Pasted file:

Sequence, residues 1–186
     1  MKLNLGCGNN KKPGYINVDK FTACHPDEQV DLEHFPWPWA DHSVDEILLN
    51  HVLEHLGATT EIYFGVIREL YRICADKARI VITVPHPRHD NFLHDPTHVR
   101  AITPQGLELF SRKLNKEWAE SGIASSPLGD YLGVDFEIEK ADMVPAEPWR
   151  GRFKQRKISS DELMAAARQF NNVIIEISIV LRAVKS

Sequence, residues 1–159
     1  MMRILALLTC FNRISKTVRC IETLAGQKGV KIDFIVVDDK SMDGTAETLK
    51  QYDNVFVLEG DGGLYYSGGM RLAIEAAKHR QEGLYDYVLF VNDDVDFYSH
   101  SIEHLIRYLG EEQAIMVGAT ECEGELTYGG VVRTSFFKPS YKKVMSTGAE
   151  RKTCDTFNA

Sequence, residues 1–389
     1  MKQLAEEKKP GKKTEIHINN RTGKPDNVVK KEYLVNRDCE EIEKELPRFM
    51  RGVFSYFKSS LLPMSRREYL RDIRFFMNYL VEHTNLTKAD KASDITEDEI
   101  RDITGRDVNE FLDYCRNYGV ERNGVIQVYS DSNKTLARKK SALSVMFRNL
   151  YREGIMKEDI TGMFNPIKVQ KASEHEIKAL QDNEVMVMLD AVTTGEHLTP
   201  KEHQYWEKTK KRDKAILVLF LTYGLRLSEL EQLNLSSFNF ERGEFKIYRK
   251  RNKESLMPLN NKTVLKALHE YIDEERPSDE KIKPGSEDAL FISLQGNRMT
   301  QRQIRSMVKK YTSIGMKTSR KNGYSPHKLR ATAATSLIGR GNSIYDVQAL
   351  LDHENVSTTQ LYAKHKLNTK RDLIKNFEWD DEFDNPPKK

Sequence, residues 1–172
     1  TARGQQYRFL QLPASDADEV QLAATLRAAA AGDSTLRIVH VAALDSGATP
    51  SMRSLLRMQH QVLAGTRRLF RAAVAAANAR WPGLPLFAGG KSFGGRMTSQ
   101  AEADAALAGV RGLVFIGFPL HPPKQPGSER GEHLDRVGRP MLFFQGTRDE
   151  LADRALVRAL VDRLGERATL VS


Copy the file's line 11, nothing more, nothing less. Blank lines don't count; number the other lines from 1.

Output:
Sequence, residues 1–389